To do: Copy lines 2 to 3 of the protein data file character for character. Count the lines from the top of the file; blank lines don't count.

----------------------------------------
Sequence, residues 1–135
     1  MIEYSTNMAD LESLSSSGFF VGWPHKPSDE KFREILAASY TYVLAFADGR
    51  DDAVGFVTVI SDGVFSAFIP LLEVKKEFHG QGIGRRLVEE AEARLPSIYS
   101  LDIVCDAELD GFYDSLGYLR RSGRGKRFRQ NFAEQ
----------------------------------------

     1  MIEYSTNMAD LESLSSSGFF VGWPHKPSDE KFREILAASY TYVLAFADGR
    51  DDAVGFVTVI SDGVFSAFIP LLEVKKEFHG QGIGRRLVEE AEARLPSIYS